Regulation & Legislation
We have been here before.
The failure of Silicon Valley Bank on March 10 reminds me of what I experienced firsthand as a bank analyst during the global financial crisis in 2007 and 2008.
As a professional investor for 30 years, I rely on my own experiences to help guide my investment approach. When I was a bank analyst then, I captured the 10 lessons below to serve as a guide for myself and colleagues to help get us to the other side of the valley.
Every crisis is different, but they often have things in common. Today’s turmoil shares some striking similarities, though, in my view, this current episode is much smaller in scale and far less damaging.
Last summer, with rates rising, inflation high and the prospect of recession looming, I unearthed these lessons from 15 years ago and shared them again. And when Silicon Valley Bank failed a few weeks ago, I circulated them once more to offer perspective and help colleagues manage the uncertainty. Here are those lessons, which I believe bear repeating.
It is difficult to predict when the current crisis will end, but experience has taught me that it will and that we will get through this. Time and time again, markets have demonstrated a remarkable ability to endure and recover from crisis and thrive.
Today, as a portfolio manager and principal investment officer for Capital Group Private Client Services, I spend much of my time focused on preservation of capital and draw from my personal experiences in past crises in that effort.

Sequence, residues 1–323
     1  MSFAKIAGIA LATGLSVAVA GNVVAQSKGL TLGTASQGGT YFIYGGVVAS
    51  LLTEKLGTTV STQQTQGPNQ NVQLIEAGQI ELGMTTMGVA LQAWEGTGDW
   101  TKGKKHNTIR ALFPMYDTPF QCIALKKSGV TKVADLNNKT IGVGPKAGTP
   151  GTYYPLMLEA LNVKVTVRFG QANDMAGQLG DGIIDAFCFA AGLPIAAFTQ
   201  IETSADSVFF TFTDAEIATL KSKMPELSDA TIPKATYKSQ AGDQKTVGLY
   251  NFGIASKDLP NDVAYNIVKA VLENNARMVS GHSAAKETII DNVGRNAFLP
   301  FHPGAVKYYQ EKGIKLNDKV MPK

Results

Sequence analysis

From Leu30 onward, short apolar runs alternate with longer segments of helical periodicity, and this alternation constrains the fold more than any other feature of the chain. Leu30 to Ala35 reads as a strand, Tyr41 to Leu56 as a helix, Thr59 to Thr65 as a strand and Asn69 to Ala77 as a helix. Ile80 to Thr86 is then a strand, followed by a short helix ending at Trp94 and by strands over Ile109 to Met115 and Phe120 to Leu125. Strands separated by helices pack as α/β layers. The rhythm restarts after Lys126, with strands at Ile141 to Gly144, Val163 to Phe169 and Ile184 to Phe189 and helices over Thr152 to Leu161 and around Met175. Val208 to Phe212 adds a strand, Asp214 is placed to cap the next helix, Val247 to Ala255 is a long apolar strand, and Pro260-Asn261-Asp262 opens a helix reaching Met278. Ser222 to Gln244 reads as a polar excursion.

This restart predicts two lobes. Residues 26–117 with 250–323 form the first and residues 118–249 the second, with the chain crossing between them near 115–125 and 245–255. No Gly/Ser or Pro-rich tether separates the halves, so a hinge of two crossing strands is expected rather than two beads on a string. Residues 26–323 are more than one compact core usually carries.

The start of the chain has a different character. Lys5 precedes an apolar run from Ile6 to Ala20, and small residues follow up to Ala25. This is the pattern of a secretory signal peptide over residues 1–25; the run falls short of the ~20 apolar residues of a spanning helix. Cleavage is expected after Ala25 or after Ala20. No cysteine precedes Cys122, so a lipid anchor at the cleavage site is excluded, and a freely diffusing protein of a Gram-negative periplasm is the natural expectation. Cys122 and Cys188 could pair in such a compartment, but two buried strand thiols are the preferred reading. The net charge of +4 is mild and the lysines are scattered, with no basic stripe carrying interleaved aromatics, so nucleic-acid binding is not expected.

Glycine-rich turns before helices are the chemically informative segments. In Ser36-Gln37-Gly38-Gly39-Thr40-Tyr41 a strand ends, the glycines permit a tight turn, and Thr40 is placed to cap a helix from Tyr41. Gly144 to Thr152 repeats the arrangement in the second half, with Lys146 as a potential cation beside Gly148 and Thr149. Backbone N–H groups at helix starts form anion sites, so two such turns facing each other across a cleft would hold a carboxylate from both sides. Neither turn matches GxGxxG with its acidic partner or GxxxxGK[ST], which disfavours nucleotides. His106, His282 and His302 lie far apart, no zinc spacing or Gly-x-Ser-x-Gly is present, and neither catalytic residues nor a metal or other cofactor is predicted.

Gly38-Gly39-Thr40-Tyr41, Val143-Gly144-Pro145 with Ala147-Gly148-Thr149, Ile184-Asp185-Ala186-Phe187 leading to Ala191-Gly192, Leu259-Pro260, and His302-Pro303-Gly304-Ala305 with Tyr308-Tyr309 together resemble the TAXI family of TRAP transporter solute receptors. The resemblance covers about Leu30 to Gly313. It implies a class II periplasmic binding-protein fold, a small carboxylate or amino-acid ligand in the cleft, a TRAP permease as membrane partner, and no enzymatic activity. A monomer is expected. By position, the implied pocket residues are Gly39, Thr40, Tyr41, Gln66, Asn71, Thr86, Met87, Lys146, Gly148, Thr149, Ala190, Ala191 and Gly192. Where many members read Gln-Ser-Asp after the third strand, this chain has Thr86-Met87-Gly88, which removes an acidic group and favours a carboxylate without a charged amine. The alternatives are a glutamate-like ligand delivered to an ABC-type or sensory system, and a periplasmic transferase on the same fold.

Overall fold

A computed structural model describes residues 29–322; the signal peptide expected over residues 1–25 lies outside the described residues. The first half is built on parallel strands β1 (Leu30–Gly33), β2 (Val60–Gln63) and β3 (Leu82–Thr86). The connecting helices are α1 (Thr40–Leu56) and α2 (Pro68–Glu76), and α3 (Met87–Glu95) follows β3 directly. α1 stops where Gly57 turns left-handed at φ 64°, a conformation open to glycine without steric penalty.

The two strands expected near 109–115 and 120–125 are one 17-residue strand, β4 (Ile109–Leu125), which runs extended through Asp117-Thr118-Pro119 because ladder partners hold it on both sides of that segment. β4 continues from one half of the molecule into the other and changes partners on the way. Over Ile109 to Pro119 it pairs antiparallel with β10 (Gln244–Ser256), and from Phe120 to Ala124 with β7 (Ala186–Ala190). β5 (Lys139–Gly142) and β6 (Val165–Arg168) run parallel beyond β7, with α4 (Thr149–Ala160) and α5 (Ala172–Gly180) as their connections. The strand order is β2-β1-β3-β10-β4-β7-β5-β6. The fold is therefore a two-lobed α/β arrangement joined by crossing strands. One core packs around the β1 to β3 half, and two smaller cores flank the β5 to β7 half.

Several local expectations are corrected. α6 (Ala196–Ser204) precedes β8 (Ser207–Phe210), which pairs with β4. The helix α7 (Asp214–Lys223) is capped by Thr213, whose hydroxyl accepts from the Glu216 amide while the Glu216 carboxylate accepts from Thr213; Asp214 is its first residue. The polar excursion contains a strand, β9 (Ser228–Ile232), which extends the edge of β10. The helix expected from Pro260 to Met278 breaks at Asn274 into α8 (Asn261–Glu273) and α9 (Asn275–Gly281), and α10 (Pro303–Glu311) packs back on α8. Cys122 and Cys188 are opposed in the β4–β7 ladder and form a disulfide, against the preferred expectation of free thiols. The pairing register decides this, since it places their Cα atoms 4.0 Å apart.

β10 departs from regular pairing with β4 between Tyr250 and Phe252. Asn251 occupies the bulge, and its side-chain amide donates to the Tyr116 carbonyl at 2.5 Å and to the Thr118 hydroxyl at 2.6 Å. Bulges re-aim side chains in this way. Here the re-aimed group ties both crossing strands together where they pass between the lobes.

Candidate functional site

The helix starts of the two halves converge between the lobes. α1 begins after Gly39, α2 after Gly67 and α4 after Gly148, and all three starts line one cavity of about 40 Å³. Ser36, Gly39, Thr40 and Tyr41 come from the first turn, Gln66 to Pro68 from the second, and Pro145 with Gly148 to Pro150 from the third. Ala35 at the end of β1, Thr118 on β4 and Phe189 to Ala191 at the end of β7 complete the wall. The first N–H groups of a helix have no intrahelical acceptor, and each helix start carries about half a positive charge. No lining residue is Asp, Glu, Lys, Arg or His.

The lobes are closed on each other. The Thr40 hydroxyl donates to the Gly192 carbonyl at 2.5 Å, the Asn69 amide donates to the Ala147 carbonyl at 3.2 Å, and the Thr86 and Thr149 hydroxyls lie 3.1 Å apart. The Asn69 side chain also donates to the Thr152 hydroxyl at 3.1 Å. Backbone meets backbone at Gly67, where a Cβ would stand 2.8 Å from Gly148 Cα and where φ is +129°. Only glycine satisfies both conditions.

I also rely on the wisdom of colleagues. At Capital Group we have many veteran investors with deep experience. Some 37% of our portfolio managers have more than 30 years of investment experience while 89% have 20 or more.
Moving beyond financial crises takes time and can be messy. Regulators have taken swift action to try to contain the damage and restore confidence, and they have been coming up with some very creative solutions. But those remedies will need time to be tested by the market. So, patience is crucial.
Going forward, I expect to see a dramatic tightening in lending standards. Small- to mid-sized banks are likely to be subject to stricter regulations — along the lines of the requirements for the largest financial institutions. Those likely include higher capital and liquidity requirements, periodic stress testing and restrictions on the types of investments banks can employ in their bond portfolios.
As in any cycle there will be winners. My view is that the strong will get stronger. That includes banks as well as companies in other industries that generate strong cash flow and can fund their own growth. For example, select technology giants are cash-flow positive today. Some of them made massive investments in their businesses when rates were near zero. It would be much more expensive for competitors to challenge those incumbents today.
Across industries, I believe opportunities will surface. The key for investors is to remain calm, look past the turbulence and be ready to act when opportunity does arise.